You've heard of Colonial Williamsburg, most likely, but you might not know what you can see and do in this city of living history. Cut right from the past, Colonial Williamsburg is a living history attraction revolving around 18th century America leading up to the Revolutionary War. You may see people going about their "daily lives" in traditional colonial garb, blacksmiths pounding away with hammers as tourists look on with cameras, and much much more.
This you have probably already heard, that Colonial Williamsburg is just a tourist trap, but you'd be mistaken. There's so much more to Williamsburg than meets the ordinary eye and here's what you and your student group can see.
The Revolutionary City
Colonial Williamsburg is known for being dramatic and its employees play their parts well. The city is full of people dressed as political figures, civilians and slaves, all rallying up for the Revolution with demonstrations, town meetings, and even storming buildings in great mobs. Learn alongside your students and classmates what life was like for the common people in the years leading to the war, get caught up in the news of the latest battles and casualties, and find yourself face to face with major historical patriots and some lesser-known heroes.
There are two distinct collections of art displayed on the grounds of Colonial Williamsburg: the DeWitt Wallace Decorative Arts Museum and the Abby Aldrich Rockefeller Folk Art Museum. The Decorative Arts Museum displays 15 galleries of handmade goods from furniture to textiles, ceramics, glass, paintings, prints, and much more from the 17th-19th centuries. Here you'll find one of the world's largest collections of British ceramics outside England. At the Folk Art Museum, you can peruse the galleries of quirky, imaginative, and wonderfully bold art created by untrained artists and craftsmen. This is one of the world's largest collections of folk art!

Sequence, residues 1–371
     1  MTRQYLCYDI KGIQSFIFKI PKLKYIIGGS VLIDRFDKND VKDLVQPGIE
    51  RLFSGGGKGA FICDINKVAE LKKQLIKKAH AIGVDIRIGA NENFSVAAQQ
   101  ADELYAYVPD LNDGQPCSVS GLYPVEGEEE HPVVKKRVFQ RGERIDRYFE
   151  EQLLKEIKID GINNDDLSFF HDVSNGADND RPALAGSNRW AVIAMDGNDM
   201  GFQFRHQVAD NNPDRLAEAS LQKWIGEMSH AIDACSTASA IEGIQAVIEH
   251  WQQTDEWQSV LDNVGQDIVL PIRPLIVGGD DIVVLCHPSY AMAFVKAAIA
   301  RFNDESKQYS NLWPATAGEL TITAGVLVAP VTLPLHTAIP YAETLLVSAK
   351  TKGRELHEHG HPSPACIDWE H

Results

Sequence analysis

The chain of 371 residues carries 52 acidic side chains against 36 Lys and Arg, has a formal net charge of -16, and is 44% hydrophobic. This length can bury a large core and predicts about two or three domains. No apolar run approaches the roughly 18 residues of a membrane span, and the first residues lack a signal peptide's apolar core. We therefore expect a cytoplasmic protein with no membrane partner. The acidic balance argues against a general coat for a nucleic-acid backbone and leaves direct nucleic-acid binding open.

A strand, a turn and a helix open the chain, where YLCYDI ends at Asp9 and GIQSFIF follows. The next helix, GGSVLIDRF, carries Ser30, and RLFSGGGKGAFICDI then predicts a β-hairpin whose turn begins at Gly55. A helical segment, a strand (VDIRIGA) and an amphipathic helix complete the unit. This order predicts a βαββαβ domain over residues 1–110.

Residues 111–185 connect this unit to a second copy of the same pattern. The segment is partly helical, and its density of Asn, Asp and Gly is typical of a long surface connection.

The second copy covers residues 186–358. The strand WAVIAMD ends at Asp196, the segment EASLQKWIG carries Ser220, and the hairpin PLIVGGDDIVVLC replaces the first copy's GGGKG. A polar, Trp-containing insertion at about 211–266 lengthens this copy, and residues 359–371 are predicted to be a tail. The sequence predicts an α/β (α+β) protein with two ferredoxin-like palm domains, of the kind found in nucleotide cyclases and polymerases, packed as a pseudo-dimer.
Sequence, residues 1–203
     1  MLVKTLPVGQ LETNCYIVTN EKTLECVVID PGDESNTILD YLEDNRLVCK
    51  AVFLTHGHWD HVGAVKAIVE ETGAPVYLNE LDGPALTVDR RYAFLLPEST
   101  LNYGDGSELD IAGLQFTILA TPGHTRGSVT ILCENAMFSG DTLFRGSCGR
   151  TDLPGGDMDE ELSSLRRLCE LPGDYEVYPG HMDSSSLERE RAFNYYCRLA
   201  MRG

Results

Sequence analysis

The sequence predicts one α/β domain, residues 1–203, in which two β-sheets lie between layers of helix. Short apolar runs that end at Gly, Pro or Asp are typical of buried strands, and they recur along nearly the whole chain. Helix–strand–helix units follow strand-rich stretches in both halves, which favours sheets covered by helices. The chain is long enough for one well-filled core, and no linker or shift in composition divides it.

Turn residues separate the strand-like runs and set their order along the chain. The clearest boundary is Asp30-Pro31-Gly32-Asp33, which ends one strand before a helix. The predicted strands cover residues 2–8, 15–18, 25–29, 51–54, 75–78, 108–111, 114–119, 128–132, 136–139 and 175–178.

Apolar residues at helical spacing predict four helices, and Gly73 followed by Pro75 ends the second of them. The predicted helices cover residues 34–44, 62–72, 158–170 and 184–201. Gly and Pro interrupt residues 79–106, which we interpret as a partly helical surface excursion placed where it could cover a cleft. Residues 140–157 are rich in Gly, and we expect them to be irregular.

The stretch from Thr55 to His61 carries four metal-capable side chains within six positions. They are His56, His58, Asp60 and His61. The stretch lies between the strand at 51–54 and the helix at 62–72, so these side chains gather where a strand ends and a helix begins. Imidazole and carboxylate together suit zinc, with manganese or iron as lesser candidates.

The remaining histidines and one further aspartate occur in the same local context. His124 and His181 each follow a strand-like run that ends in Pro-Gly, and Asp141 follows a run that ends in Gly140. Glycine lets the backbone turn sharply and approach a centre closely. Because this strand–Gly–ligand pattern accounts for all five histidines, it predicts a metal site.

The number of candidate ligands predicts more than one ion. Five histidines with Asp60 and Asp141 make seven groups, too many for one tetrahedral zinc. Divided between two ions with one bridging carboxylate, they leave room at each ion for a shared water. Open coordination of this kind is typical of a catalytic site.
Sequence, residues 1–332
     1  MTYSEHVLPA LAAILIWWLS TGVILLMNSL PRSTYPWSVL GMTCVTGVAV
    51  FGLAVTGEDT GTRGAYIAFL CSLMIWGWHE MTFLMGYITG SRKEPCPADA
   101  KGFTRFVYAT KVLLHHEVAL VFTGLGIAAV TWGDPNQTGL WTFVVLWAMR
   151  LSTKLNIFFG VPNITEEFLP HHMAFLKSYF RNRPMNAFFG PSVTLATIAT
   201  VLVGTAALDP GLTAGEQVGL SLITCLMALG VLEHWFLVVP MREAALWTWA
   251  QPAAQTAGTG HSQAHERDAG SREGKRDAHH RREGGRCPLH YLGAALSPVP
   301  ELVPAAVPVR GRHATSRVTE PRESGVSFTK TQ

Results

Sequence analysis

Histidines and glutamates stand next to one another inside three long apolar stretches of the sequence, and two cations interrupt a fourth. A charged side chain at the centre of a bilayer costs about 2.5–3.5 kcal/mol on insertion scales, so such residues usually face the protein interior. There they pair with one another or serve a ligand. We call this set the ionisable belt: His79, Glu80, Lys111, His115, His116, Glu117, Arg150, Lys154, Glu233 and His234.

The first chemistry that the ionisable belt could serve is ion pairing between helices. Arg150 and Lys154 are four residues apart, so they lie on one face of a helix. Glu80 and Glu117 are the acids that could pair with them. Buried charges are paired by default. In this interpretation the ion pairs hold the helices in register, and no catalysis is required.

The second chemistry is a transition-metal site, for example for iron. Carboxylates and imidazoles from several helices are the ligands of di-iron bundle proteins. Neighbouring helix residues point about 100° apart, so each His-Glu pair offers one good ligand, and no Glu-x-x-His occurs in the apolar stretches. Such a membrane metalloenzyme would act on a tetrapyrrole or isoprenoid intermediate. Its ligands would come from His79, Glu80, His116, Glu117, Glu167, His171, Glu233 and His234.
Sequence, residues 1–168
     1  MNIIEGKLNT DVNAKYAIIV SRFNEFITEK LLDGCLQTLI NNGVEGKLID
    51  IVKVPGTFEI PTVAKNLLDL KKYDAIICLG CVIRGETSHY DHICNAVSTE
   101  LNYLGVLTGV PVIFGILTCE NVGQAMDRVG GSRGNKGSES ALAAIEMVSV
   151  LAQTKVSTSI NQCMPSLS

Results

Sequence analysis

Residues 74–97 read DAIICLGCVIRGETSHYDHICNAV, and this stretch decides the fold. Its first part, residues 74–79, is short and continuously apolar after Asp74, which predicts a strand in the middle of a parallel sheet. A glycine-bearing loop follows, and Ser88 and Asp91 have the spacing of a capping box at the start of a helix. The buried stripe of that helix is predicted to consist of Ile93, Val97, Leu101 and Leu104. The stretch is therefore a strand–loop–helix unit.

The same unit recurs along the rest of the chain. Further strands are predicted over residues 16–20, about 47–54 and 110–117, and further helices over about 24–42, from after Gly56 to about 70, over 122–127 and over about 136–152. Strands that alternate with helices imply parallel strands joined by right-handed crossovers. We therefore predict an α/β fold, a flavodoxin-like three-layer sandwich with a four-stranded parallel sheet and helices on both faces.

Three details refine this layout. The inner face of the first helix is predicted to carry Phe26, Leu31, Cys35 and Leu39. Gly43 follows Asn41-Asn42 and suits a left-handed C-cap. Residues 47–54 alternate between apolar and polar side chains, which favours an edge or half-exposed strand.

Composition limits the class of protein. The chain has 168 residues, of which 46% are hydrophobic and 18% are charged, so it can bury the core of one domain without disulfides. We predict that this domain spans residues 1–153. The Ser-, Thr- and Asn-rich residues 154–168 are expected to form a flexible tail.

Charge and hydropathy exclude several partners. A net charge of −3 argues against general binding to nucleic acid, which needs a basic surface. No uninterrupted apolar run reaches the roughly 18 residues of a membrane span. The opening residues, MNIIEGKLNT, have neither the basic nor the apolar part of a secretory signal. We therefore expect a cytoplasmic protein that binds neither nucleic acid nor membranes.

Something Williamsburg is known for is its spectacular gardens. Not only are they beautiful green spaces but many are demonstrative gardens filled with period herbs and plants used by families in their cooking and medicine. Special tours are available for groups to learn about the specific uses of herbs.
Williamsburg goes all out with their living history and that includes the food. Historic taverns based off of original establishments serve traditional colonial food to round out your Revolutionary day. Christina Campbell's Tavern, one of George Washington's favorite taverns, opens its doors to park visitors with plates of crab cakes and delicious seafood alongside others like Chowning's Tavern, King's Arms Tavern, and Shields Tavern. Modern dining establishments are available for those who want a change of pace.
Historic Buildings - There are many more historic buildings located at Colonial Williamsburg but the following are among the most popular and most visited.
- Virginia State Capitol - For a time, Williamsburg played host to the government of Virginia and its grand capitol building is still standing in evidence. Men gathered at the capitol to voice their patriotism before and during the Independence and you can still see the colonists debating, rallying, and guiding your group along your journey into the past.
- Governor's Palace - Once home to seven Virginia governors including Patrick Henry and Thomas Jefferson, the Governor's Palace certainly looks like a palace. A five-bay Georgian home, the Palace was massive but was unfortunately destroyed during the Civil War and later rebuilt in the mid-20th century.
- Public Hospital - The first public hospital in North America to be used in the treatment of mentally ill people, the Public Hospital has a very wild and tumultuous past, not all of it pretty. In 1960, the hospital was moved to its current location on the grounds of Colonial Williamsburg and offers tours of the facilities and also access to the two art museums.
- Family Homes - A number of families have, over the years, built homes in Williamsburg including the Rockefellers. Whether they're new constructions or reconstructions of 18th-century homes, these family houses show how real people lived in Williamsburg. Homes like the Peyton Randolph House and the Benjamin Powell House are historic homes open for tours and offer hands-on interactive activities for young students to enjoy.